• Tetra Tech’s Technology for Development (T4D) Department reviewed their work plan to identify the challenges they have faced so far and successes they would like to replicate moving forward. They updated their work plan accordingly and re-prioritized their activities based on lessons learned and changing needs.
  • Melissa Bevins, of the USAID LEARN contract, intentionally paused and reflected about her day on her commute home each evening. She discovered that she needs to be more intentional about guarding time between meetings to allow time for following up on the action items that come out of meetings, as well as to recharge her introverted self.

This echoes the evidence we’ve found that taking the time to pause and reflect on our work is critical to learning and improved performance. Learn more about this evidence.

Theme 3: Used Data for Decision-Making

Nine individuals and teams committed to improve their use of data for evidence-based decision-making during CLA Challenge Week.

For Example:

  • American Bar Association Rule of Law Initiative is committed to improving their use of program data for decision making and focused on data visualization during CLA Challenge Week. They scheduled a meeting to kick off a series of hands-on practices paired with data visualization capacity building.
  • Phong Nguyen from CRS Vietnam committed to “increase the use of data/evidence for programmatic decision making in project teams to enhance program quality". She reports that “this practice increased the ownership of learning as we collaborated to produce learning and evidence and [make] evidence-based decisions.”

We know from a June 2016 World Bank study that Monitoring & Evaluation are positively and significantly associated with achieving development outcomes when incorporated into program management and designed to support learning and decision making. Learn more about this evidence.

Theme 4: Increased Intentionality

Good CLA is intentional, systematic, and resourced. We found that CLA Challenge Week prompted participants to be more intentional about their CLA approach or be more intentional in their work.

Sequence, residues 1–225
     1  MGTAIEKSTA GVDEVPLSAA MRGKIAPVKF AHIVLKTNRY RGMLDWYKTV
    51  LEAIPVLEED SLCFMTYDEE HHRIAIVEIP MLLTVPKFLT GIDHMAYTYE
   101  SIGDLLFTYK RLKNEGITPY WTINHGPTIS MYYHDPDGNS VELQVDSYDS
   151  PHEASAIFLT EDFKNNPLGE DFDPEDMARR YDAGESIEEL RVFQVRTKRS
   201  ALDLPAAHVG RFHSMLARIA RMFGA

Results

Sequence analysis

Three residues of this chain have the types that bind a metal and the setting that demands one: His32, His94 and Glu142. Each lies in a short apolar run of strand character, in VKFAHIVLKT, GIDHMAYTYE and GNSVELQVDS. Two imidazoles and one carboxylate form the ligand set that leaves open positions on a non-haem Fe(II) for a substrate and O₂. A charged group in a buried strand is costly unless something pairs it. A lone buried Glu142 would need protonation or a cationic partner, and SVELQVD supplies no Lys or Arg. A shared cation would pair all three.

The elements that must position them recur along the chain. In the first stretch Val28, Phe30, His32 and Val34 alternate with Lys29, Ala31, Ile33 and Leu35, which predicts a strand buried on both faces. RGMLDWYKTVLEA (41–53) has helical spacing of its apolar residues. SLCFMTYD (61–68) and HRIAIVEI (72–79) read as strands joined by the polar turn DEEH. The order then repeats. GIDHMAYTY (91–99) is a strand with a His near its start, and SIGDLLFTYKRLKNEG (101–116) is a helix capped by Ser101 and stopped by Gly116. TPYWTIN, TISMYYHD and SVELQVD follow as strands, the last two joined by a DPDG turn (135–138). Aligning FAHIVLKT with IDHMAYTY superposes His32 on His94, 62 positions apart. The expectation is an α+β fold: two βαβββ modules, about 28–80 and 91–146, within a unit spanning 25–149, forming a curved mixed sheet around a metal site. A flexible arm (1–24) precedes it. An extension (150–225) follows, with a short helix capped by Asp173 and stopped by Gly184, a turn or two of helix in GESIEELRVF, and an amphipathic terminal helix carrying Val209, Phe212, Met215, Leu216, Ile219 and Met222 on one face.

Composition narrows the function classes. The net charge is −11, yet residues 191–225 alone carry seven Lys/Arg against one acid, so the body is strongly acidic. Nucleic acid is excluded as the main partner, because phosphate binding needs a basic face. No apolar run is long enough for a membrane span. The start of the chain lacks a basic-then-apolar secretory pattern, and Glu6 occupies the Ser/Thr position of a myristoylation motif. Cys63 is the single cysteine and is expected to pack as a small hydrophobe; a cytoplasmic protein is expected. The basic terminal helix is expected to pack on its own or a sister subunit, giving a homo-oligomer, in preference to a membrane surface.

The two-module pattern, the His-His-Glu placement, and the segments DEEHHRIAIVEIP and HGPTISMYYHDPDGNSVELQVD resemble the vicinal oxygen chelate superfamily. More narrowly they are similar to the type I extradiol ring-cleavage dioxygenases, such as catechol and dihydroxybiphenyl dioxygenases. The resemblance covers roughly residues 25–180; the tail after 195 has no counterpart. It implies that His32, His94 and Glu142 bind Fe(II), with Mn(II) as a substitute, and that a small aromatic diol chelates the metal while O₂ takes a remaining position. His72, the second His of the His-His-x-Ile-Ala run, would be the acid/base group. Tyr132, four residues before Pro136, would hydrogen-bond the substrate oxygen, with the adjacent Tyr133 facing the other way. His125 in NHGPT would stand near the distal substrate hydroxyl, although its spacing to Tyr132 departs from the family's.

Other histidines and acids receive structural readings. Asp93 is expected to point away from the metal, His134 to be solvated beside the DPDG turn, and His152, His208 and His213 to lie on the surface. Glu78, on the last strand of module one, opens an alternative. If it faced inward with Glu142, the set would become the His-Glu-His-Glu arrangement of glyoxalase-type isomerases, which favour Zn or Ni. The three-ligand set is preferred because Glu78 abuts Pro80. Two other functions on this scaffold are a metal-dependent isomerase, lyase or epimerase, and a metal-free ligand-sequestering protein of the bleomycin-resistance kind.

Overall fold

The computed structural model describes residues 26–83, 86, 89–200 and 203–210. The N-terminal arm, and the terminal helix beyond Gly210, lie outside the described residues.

Pie chart about CLA Challenge Week

For Example:

  • USAID/Liberia and Liberia Strategic Analysis (implemented by Social Impact) reported that using CLA made them focus more intentionally on their government transition activity. During a weekly strategic planning meeting, the team revisited the strategic action plan that led the initial phases of their planning processes.
  • Charlotta Sandin, of USAID/Uganda’s Monitoring, Evaluation and Learning Contract, says that her CLA practice “reminded me of, and helped me keep the bigger picture in mind when organizing and managing the details. By updating and re-reading the concept of Mental Models (Fifth Discipline, Peter Senge) and trying to apply the knowledge into daily work, we could plan for the field based portfolio reviews to be even more valuable to the mind shift that needs to be kept up to operationalize USAID/Uganda's new strategy.”

And, about two-thirds of CLA Challenge Week participants reported that their CLA practice was prompted by the CLA Sprint. As with anything, sometimes the best intentions just need a nudge to become action.

Theme 5: Used CLA Challenge Week to Spread the Word about CLA

For some participants, CLA Challenge Week was an opportunity to start or continue a discussion about CLA with their teams or organizations. Some held workshops on CLA, revisited CLA action plans, and strategized about how they might integrate CLA into programming.

For example: